Philip Seymour Hoffman (July 23, 1967 – February 2, 2014, on a Sunday, which not just I but any other fan of Hoffman can hardly forget, anymore.)
Before writing any article, you should do your research, I heard someone say from inside of me. I knew nothing of that person inside. It wasn’t someone I met on the way or someone who taught me at college or high school; I did not hear the voice from my memory either. It was, so to speak, a thought. To write this article, this tribute to Hoffman, I do not need any more research than a devotee needs to approve of God’s existence.
Through the haze of an allergic weekend, it hit me.
I was all tired and dull due to runny nose, painful cheeks and heavy forehead, symptoms of allergy. The mild winter of the Southern side brings along with it a blanket of dust and all other allergic particles. Sensitive noses like mine always catch these and wail at the aftermath. I heard a passing news statement while dining in the adjoin room. The TV is in the central hall and it plays mostly Malayalam news channels, as other members of my family prefer these. Apparently, these channels offer little or no info on what happens to the rest of the world. For them the boundaries of the world are the boundaries of Kerala. Occasionally, when someone dies or being elected, they tune into the wider spectrum, meaning the wider areas inside the Indian subcontinent.
That is all.
Hoffman’s death was a passing news item.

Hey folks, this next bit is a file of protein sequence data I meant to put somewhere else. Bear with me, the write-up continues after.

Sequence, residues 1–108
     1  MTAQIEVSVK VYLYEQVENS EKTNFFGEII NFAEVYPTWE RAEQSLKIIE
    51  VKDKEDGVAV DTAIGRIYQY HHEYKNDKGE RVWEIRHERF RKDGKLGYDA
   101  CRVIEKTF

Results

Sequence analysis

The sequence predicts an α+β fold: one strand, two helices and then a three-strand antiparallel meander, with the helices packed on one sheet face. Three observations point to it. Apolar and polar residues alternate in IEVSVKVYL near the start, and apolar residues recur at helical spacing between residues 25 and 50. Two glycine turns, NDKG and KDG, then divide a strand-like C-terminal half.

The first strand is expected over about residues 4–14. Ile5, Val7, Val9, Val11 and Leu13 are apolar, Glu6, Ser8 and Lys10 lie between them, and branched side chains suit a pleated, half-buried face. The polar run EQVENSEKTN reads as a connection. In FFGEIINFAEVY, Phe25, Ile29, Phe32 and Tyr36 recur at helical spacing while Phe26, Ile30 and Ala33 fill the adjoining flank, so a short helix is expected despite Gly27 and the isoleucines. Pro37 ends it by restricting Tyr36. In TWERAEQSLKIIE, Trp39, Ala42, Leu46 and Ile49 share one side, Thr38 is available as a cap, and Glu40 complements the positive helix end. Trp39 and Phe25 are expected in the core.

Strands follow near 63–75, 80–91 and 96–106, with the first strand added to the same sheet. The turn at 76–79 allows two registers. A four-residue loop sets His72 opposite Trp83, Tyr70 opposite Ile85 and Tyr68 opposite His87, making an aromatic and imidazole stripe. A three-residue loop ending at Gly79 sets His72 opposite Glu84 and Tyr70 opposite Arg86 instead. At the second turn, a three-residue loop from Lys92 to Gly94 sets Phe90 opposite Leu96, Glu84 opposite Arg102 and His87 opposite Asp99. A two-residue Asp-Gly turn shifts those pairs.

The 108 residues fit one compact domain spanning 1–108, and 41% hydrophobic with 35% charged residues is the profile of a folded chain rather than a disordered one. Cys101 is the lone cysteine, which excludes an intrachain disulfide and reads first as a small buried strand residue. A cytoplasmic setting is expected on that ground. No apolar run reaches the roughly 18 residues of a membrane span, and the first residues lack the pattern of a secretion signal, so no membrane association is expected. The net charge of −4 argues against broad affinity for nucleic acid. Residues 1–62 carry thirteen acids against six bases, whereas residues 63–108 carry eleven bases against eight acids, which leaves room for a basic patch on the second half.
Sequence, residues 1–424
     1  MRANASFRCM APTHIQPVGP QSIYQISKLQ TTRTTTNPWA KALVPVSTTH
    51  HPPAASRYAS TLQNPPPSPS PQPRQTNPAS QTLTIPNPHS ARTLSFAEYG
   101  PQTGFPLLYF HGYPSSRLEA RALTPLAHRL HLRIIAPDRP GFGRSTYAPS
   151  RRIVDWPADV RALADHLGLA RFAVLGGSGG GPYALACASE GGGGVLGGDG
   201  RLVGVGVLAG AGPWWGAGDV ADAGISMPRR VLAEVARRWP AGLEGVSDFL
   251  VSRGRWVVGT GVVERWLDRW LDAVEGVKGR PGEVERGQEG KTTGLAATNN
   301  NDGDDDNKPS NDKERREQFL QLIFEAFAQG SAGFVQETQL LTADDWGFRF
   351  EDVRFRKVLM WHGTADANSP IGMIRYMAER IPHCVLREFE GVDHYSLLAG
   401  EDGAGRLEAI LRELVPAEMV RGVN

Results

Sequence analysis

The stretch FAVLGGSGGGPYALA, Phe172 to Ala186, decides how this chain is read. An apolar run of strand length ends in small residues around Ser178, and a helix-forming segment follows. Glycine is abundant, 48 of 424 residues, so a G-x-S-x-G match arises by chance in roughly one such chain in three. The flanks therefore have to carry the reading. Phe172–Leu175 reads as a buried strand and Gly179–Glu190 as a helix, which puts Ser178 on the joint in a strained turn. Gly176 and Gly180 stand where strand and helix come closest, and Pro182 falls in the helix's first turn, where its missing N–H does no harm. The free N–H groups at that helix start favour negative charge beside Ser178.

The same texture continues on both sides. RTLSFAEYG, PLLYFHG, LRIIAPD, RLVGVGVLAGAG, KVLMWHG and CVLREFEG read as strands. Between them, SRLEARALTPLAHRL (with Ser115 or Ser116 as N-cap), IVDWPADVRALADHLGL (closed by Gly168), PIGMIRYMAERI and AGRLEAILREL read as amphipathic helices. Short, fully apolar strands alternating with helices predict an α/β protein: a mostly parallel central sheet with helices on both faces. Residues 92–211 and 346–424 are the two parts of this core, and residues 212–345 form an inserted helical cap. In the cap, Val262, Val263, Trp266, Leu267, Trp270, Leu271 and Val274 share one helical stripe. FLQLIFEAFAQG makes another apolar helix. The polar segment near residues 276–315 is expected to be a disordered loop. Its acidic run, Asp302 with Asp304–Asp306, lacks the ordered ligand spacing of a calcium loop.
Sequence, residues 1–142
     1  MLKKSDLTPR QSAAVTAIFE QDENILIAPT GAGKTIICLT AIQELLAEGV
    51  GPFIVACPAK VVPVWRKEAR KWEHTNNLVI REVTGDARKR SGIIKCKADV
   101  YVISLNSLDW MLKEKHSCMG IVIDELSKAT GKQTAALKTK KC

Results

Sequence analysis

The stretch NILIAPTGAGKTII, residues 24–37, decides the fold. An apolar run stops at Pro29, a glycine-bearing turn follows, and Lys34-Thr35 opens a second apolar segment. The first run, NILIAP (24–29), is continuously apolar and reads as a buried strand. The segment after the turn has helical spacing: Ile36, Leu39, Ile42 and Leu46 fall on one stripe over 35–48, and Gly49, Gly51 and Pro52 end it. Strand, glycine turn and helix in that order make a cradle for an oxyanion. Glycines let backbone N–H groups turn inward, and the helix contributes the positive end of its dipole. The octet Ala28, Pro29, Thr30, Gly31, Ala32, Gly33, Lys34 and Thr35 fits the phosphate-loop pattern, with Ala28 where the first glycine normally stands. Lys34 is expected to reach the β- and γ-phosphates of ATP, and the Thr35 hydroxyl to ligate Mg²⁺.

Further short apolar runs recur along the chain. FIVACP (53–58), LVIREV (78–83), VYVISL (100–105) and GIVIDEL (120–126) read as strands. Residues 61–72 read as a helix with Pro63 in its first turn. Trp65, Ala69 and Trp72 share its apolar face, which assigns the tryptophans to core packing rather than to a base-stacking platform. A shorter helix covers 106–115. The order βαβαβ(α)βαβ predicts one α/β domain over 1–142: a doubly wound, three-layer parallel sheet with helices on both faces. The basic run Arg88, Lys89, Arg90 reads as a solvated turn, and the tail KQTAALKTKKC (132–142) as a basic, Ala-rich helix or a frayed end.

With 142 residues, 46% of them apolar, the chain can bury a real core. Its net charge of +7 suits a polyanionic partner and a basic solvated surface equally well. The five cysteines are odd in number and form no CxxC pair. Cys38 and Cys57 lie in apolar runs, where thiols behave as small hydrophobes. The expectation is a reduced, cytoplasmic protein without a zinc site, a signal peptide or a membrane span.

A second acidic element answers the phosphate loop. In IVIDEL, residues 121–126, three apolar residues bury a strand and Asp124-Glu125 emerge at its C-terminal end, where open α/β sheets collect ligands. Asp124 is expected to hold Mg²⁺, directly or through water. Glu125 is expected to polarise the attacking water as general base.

No flash news, no breaking story.
I spent the next one day in relative seclusion, inside my room. Getting up and walking around was too hard a thing for me then. I was having difficulty in focusing anything for too long. Everything else was vague, other than the heavy forehead.
It is still unclear, if it was the allergy or the magnitude of the news, it dawned on me, only later, that Hoffman is no more.
I do not know him as an individual. Hoffman’s death though mirror’s in certain terms, the death of one of my favorite pop stars—Michael Jackson. Drug overdose or abuse, as some news reports say, might have killed Hoffman too. I do not know this either that what prompted a persona, with such a magnificence in his being should do drugs or should come down to so terrible a moment, nearing the end of his life.
My first and ever remembering performance by Hoffman is in Capote, the 2005 movie based on Gerald Clarke's biography Capote, directed by Bennett Miller. I have included Capote in my series on TIC for one of the three of the movies about writers that impressed me—as the first one among the three others.
“It's the hardest when someone has a notion about you and it's impossible to convince them otherwise.”—Truman Capote in Capote (film 2005)
Perhaps, because of the same reason, we never tire of admiring this man’s talents in acting. In his field, Philip Seymour Hoffman has set a standard for others. His legacy would be this standard of performance that includes multifaceted arena of acting. He did not just act with his body, but also with his whole being. Even his voice, in Capote, was magically morphed into the character’s.
For me, Truman Capote will be Philip Seymour Hoffman; and as an individual, who lived at the same time as his, I will share this fortunate encounter with the generations to come.
|Image Courtesy: Hoffman|
Philip Seymour Hoffman, may your soul rest in peace.
You can also check out my review of Capote here